With an inferno blazing next door, 14-year-old Tyler Grayson ran through his stepsister's adjacent condominium building early Sunday, beating on doors to wake people up and make sure they got out.
By mid-morning, the next-door Building J at the Hidden Cedars Condominium complex in Springfield Township was reduced to mostly a smoldering pile of rubble, leaving 34 people homeless.
"The building was filling with smoke, there were no smoke detectors going off, and, really, no one was leaving," Tyler said. "It was really emotional ... People were coming out half-asleep and in their pajamas, not knowing what was going on."
No one was injured in the blaze that started about 1:30 a.m. The cause has not been determined.
Springfield Township Fire Chief Barry Cousino said firefighters arrived at the complex at 6201 Garden Rd. and found flames coming through the roof of the three-story structure with 18 units.
"When we got here, people were already evacuating, and we started knocking on doors to make sure everyone was out," Chief Cousino said. "We pulled out soon after because part of the building collapsed and we had to do the best we could to keep the adjacent building from catching fire."
The chief Monday morning said they were still investigating the cause.
State Fire Marshal investigators Monday asked that all occupants of Building J, and any witnesses, contact its office at 800-589-2728.
A complete list of occupants is unavailable and investigators are attempting to identify and account for all of the building's occupants.
It took 40 firefighters from the Springfield Township, Monclova Township, and Toledo fire departments three hours to get the fire under control, he said.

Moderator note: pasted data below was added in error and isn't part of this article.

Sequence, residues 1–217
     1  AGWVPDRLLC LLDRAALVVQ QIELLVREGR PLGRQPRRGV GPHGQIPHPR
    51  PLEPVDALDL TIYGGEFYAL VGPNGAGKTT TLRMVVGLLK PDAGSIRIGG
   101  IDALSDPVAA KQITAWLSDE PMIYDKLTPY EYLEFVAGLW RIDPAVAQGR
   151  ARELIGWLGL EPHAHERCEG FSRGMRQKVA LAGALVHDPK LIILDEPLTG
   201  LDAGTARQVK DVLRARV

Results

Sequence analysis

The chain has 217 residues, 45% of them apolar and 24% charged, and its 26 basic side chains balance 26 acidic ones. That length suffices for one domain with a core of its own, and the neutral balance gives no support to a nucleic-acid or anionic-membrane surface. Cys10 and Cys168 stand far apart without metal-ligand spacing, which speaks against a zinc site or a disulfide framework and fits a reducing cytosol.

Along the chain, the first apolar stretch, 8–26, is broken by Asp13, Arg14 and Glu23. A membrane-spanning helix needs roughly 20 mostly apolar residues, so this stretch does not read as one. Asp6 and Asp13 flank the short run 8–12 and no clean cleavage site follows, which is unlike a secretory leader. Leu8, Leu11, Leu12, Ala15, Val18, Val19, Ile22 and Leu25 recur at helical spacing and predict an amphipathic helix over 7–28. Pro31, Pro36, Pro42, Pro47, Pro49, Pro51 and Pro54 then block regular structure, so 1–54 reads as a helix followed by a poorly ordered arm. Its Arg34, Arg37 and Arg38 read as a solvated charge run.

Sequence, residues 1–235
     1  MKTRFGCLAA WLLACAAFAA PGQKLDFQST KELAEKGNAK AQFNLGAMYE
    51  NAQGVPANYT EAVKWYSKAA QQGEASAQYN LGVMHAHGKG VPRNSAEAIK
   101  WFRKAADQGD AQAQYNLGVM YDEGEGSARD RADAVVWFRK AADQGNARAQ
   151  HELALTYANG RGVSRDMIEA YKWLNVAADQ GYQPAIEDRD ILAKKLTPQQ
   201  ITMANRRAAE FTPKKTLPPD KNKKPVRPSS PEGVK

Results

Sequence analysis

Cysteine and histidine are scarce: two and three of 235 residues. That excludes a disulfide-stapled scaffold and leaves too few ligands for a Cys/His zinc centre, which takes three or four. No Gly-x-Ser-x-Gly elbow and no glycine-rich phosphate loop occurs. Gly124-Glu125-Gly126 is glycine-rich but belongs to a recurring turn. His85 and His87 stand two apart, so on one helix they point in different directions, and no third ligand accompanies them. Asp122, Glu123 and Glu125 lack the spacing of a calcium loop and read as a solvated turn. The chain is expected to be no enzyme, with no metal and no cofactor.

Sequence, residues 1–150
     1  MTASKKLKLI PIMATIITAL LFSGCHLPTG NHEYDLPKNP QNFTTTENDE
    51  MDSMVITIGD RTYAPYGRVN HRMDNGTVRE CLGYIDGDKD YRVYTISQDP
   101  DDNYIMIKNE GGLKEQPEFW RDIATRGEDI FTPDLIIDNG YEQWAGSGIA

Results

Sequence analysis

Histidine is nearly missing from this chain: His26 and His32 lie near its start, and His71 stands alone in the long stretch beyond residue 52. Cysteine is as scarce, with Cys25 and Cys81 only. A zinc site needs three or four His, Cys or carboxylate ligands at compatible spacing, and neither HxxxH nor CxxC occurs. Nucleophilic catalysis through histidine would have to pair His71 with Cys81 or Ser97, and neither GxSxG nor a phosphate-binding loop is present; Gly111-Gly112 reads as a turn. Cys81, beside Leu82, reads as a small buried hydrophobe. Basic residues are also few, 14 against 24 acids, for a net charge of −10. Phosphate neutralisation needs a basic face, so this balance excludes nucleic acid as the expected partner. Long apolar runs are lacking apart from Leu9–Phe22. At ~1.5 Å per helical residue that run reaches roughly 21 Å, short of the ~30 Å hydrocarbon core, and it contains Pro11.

Chief Cousino estimated the damage at $2.5 million.
Two adjacent buildings - a separate, multiple-unit condominium structure where Tyler?s stepsister lives and a clubhouse - were in danger of catching fire because of wind gusts, the fire chief said.
The fire departments also evacuated two occupied buildings near the site of the fire. Chief Cousino confirmed that fire detectors did not function in any of the buildings.
James Burda, who lives in nearby Building G, saw flames coming from across the parking lot and didn't waste any time.
"I ran back in, grabbed my two kids, and we got out," Mr. Burda said.
"We were able to go across to another building where my uncle lives and stay there until we could go back home."
The American Red Cross was called to assist displaced residents.
"Surprisingly, they all found family or friends to stay with, and that very rarely happens," spokesman Jodie Tienvieri said.
Sunday was the third major fire in just under a decade to destroy an occupied building in the aging complex.
In February, 2006, two people were hurt in a fire that destroyed a 16-unit building in the complex. The cause was not determined.
Chief Cousino said Sunday's blaze was similar in that it moved quickly through the buildings, which had no fire walls.
"There are no fire stops at all, and once fire gets to the attic, it's very fast and it just traveled," he said.
The complex of 10 buildings was built in 1972. Chief Cousino said there were less stringent construction requirements back then.
On July 7, 2000, a three-alarm fire destroyed a 20-unit condominium building at the complex. All residents escaped unhurt that night.
Although the units are condominiums, he said many are owned by investors who rent them to tenants.